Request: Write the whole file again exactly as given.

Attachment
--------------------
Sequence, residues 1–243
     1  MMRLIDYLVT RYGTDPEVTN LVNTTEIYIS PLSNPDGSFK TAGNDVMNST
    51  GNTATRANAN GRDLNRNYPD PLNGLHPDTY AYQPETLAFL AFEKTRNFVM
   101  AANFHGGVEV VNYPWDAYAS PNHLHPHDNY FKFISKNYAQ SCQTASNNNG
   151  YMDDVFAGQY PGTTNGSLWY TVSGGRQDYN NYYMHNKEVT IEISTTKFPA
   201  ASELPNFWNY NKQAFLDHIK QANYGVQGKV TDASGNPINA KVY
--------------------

Sequence, residues 1–243
     1  MMRLIDYLVT RYGTDPEVTN LVNTTEIYIS PLSNPDGSFK TAGNDVMNST
    51  GNTATRANAN GRDLNRNYPD PLNGLHPDTY AYQPETLAFL AFEKTRNFVM
   101  AANFHGGVEV VNYPWDAYAS PNHLHPHDNY FKFISKNYAQ SCQTASNNNG
   151  YMDDVFAGQY PGTTNGSLWY TVSGGRQDYN NYYMHNKEVT IEISTTKFPA
   201  ASELPNFWNY NKQAFLDHIK QANYGVQGKV TDASGNPINA KVY